Ex-Civil War Captain John Carter (Taylor Kitsch) is on the run, looking for a quiet life. Upon being forcibly re-enlisted, he finds himself caught in the crossfire of a skirmish somewhere in the desert of Virginia. Looking for cover, he stumbles upon a strange cave, and before he knows what’s happening he is somehow transported to Mars – known locally as “Barsoom”. Confused, disorientated and struggling to control his strength in such low gravity, Carter makes his escape from the four-armed, insect like “Thark” aboriginal warriors who found and claimed him, only to be set upon by Deja Thoris (Lynn Collins), Princess of Barsoom, and swept up into Mars’ very own civil war.
Mark Andrews and Michael Chabon’s screenplay may be incoherent, long-winded and difficult to keep up with (they rely much too heavily on the audience’s trust, as there’s a lot of set-up required before anything much can happen), but there’s an instantly classic, epic and dream-like vibe to John Carter that helps support its vision. It may become too consumed by its own overwhelming ambition, but there’s a clear through-line as Carter learns to forgive his past mistakes and find comfort and new life in helping the Martians reclaim their world. This levelheaded sensibility, along with the many problems Mars faces (war, drought) playing into our own concerns for Earth’s future, enables the audience to find meaning and worth in amongst the madness.
Kitsch, also, in his first leading role, does wonders with Carter, a character who quite easily could’ve been annoyingly one-dimensional and undesirable. He taps into Carter’s emotional depth and instability as a person to ensure his story feels like one worth telling, and the whole self-explorative aspect that drives the narrative is believable enough for audiences to invest in.
Unfortunately, all those redeeming aspects are buried underneath inconsistencies that limit the level of immersiveness you can allow without feeling unrewarded. It could be the distracting way in which Stanton flips between world, character and point of view without prior warning. Maybe it’s the way that Mark Strong’s villainous Matai Shang, though a performance that commendably never veers too far into the absurd, is left almost entirely unexplained until the final act. It’s almost certainly at least partly the absurd use of 3D that ruins the illusiveness of Mars itself. Whatever the reason, John Carter just isn’t always able to rise above its faults and become the film it believes it is.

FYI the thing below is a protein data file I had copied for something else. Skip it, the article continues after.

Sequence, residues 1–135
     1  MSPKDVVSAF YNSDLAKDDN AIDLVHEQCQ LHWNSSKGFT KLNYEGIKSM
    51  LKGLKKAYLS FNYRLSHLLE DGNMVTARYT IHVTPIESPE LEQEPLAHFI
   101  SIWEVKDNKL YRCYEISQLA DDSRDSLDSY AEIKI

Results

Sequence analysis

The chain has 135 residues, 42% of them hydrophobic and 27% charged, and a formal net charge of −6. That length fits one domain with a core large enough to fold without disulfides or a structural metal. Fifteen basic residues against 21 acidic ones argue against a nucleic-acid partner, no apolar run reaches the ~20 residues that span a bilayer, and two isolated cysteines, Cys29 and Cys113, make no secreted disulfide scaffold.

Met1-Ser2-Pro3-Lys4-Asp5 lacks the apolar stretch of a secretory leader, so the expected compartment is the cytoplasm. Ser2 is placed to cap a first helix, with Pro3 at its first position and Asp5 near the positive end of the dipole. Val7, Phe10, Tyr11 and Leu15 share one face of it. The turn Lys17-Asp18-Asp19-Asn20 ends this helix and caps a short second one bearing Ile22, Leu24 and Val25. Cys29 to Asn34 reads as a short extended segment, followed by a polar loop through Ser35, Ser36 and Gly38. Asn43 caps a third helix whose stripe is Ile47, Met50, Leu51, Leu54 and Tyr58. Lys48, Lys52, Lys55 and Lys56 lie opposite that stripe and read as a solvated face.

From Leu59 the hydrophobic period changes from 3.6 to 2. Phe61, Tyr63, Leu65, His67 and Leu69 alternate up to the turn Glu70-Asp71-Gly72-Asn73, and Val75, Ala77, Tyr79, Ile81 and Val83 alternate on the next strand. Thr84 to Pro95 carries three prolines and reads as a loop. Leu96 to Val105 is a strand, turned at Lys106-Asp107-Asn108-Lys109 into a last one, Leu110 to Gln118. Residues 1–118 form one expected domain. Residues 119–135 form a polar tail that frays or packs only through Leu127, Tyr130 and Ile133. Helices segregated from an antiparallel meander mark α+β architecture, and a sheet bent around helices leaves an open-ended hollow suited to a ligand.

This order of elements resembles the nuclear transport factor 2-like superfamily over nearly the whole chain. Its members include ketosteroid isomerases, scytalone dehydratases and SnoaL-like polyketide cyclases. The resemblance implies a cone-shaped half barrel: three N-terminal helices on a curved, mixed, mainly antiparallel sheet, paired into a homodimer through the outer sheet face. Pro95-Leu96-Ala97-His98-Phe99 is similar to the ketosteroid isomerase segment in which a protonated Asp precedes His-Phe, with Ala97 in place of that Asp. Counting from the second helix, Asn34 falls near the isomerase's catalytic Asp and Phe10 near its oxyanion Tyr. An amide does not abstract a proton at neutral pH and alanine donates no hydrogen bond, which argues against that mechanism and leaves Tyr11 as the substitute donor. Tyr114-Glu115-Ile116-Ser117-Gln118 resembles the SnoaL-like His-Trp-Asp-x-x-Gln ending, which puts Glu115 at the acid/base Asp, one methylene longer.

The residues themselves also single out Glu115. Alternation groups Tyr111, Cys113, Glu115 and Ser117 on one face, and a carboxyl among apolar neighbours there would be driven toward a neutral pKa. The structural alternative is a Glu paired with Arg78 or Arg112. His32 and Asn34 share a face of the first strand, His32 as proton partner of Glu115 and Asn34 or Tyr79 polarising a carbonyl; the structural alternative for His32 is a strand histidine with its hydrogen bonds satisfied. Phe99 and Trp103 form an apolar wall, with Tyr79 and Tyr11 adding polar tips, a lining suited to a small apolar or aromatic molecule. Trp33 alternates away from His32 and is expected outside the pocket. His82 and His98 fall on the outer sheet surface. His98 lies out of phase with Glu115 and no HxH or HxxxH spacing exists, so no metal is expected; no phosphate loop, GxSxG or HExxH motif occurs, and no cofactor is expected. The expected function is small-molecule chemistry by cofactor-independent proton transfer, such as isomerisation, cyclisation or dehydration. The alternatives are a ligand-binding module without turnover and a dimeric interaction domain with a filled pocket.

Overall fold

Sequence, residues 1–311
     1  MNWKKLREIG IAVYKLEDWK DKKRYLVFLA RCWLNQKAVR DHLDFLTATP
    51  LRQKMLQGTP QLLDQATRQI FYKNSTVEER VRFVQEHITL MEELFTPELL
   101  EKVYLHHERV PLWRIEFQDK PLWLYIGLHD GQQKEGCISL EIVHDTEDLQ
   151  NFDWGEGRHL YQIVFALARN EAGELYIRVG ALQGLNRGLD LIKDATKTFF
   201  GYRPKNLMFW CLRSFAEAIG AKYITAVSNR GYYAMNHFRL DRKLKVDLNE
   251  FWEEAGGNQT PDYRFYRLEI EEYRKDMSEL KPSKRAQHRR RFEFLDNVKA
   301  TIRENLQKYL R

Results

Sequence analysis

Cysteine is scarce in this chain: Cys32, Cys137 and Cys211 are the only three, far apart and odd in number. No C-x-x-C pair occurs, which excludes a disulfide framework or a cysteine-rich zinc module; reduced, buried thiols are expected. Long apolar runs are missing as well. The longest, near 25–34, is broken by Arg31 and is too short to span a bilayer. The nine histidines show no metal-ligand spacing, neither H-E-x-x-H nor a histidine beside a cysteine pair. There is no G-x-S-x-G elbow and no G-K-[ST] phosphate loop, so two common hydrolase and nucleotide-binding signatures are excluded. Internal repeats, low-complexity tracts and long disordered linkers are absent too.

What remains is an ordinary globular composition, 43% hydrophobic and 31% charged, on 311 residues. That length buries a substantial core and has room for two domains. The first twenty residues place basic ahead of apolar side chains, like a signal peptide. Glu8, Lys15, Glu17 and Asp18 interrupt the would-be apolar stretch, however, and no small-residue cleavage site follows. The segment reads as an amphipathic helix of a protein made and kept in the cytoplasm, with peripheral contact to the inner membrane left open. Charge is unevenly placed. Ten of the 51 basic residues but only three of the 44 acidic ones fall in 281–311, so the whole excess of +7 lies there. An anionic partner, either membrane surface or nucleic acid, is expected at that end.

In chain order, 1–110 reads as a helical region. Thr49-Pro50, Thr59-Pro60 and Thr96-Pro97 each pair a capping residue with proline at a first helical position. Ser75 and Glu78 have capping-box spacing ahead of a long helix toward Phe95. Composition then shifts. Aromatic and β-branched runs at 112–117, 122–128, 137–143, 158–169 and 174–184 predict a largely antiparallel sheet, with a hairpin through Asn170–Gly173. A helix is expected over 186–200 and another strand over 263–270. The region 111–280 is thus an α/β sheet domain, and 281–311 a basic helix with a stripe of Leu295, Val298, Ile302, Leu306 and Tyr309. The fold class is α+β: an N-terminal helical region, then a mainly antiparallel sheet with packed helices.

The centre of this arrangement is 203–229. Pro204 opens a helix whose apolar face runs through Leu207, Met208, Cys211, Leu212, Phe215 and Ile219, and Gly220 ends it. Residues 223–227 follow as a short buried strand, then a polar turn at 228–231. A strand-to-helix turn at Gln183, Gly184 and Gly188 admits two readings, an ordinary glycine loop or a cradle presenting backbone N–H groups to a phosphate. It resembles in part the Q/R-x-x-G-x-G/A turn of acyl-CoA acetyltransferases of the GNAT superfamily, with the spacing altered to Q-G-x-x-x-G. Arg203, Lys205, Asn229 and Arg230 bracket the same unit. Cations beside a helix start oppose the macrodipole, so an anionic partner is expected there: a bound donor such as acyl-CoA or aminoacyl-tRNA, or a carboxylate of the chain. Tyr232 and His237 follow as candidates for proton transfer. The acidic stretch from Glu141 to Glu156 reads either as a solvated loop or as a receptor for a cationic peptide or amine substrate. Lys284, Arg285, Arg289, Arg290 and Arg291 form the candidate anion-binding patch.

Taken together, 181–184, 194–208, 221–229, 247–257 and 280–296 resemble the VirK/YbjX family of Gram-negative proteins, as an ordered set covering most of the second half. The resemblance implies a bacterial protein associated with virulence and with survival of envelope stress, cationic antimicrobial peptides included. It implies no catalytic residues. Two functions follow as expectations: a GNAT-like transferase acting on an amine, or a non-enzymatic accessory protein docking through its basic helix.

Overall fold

If its director and visionary – Andrew Stanton – were a novice it would be easy to pardon these mistakes and put them down to inexperience or studio interference, but he’s not – Stanton’s done all this before, and achieved much better results on previous occasions. He’s the man who made a desolate world in Wall-E speak louder than words ever could, and breathed extraordinary life into the deep waters of Finding Nemo, but here, he seems completely in over his head.
It’s hard to say exactly where Stanton falters. On the surface, it could be said that he does so much right in terms of panoptic camera angles and the implementation of a sweeping, earnest Michael Giacchino score that punctuates the narrative in all the right places. But, then, on closer inspection, there’s so many defective elements that could’ve contributed to John Carter’s inability to solidify itself as a fully functional fantasy experience – not least the 12A rating that feels wrong (it’s nothing short of a blood-bath) and the fact that there’s simply too much set-up that needs to happen before the film can find its mojo.
That’s not to say the film’s dull, or could’ve worked any better if it had been made purely for adults. These are questions that cannot, and will not, be answered. The action sequences are as entertaining as you could possibly dream of (the White Ape battle is one for the books), some of the supporting players make for intriguing friends and foes to Carter and there’s enough humour in there to elicit more than one or two laughs. It’s more that the writers seem too rigidly focused on John Carter’s emotional journey to have fun with the material. Perhaps that’s a good thing, meaning we can look forward to the inevitable sequel with wide eyes and heady anticipation.
John Carter is an unusual film. Built upon rickety foundations, it has all the clear-cut signs of a film that shouldn’t work. However, it somehow manages to rise above its complexities and deliver a tenebrous, escapist and, on the whole, enthralling fantasy-adventure. It may be arduous, but it’s an experience worth having if only for the wild ride it provides.